Normally, she insists on sitting in the big chair by herself and I am relegated to the footstool Here, I must attempt to read the book, upside down, using prosody, inflection and proper phrasing. Try it. It's not easy.
One of her favorites is 'the bedtime book' known to others as Peggy Rathmann's hamster-filled 10 Minutes till Bedtime. Every time she chooses this book, I say a silent cheer. The text has basically ten words - most of which is the word 'bedtime'. The true beauty lies in the illustrations. She just hasn't figured that out yet. But, she has time.
However, last night, for whatever reason, she decided she was going to sit in a little rocking chair and I would be allowed to sit in the BIG chair! I was no longer the peon!
As we began the story, I immediately was lost: I couldn't find our favorite hamsters, the balloon was in the wrong place, and the hidden Easter Egg was missing. I thought I had lost my mind, until I realized everything had just moved to a different spot. I was no longer reading the book upside down! I was now seeing it as the author intended. Wow, what a difference!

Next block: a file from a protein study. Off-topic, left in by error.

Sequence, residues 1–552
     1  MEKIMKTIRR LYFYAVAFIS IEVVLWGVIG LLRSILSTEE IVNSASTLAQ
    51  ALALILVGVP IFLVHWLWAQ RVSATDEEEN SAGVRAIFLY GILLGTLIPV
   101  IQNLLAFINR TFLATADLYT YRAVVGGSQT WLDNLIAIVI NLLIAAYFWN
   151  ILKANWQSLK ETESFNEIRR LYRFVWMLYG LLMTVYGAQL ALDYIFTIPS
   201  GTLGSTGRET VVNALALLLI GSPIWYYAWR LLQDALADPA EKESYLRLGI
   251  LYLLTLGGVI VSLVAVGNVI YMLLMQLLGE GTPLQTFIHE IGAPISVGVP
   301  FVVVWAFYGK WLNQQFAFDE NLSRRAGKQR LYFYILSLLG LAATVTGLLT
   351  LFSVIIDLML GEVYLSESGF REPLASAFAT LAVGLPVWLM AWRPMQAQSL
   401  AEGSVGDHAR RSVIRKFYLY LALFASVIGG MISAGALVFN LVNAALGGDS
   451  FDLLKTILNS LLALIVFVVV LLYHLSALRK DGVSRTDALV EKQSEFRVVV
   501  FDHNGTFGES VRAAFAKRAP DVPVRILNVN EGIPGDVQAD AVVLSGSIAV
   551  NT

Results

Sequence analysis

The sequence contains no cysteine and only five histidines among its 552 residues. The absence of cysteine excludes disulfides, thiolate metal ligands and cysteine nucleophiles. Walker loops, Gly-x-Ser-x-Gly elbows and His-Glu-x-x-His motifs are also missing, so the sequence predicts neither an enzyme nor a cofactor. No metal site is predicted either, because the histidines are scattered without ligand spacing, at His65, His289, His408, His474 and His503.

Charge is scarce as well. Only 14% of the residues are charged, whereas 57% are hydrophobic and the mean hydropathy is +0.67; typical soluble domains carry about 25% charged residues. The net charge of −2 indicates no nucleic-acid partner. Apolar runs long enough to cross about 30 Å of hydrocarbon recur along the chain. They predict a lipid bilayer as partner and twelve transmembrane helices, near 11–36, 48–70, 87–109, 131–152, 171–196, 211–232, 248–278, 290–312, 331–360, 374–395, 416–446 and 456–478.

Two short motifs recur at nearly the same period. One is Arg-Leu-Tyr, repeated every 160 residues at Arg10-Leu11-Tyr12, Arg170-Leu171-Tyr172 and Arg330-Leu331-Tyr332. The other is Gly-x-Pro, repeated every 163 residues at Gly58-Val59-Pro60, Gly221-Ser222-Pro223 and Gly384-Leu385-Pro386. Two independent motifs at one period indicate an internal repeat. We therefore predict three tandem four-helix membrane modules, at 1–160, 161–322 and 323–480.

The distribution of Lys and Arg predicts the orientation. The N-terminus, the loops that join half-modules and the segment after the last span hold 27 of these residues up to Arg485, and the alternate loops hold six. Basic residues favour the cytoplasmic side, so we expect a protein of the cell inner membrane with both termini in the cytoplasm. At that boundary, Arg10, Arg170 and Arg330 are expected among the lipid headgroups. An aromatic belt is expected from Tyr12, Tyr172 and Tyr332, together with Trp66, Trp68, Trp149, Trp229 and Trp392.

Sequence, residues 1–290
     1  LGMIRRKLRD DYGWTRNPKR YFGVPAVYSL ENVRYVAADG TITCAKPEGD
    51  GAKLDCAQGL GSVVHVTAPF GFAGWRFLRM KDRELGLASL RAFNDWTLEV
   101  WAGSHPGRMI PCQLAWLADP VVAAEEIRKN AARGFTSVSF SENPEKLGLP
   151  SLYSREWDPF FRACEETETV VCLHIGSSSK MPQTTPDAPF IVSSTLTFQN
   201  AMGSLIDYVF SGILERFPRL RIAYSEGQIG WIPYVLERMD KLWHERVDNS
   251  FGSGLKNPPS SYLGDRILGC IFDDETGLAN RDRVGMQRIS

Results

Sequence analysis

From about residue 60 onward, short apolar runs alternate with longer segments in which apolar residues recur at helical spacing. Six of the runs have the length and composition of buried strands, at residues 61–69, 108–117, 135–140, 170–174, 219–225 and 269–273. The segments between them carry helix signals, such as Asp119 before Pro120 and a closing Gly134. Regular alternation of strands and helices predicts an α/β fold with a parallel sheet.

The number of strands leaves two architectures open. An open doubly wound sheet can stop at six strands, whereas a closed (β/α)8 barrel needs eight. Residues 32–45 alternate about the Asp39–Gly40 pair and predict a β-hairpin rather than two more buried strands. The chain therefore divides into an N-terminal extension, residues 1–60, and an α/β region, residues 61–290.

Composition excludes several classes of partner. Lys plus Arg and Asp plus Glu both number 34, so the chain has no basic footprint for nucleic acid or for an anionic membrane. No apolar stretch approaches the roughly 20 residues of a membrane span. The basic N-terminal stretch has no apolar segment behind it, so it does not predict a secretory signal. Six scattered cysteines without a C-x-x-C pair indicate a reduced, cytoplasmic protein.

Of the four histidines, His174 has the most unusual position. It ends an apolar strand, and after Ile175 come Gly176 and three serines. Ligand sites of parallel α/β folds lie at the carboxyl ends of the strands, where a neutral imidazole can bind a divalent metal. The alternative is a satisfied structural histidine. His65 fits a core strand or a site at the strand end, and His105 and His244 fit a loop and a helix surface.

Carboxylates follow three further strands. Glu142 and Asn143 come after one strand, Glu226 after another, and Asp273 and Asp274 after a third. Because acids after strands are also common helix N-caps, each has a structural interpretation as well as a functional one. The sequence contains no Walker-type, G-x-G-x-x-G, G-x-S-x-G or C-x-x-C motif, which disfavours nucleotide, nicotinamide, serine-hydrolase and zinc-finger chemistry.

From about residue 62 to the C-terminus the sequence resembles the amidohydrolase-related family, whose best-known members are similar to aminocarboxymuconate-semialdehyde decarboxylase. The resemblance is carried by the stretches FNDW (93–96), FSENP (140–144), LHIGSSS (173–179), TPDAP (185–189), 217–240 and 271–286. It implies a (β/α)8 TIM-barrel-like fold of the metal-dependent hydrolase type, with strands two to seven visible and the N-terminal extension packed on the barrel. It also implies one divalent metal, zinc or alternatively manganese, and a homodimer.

There are so many things to do each day, I wonder how many of them we do on autopilot. I think in our teaching, it is easy for this to happen with things that we are comfortable doing. We have given spelling tests for so long, we just do it. We have put out a morning worksheet, we just do it. We have ran our book clubs a certain way, we just do it.
But, what if we looked at them upside down? What if we stepped back or forward and saw these activities from a different perspective? Would we change the way we do things? Would we still have the same goals in mind? Seeing these activities from the students' perspectives might lead us to pause and reflect on our intentions.
10 Minutes till Bedtime by Peggy Rathmann
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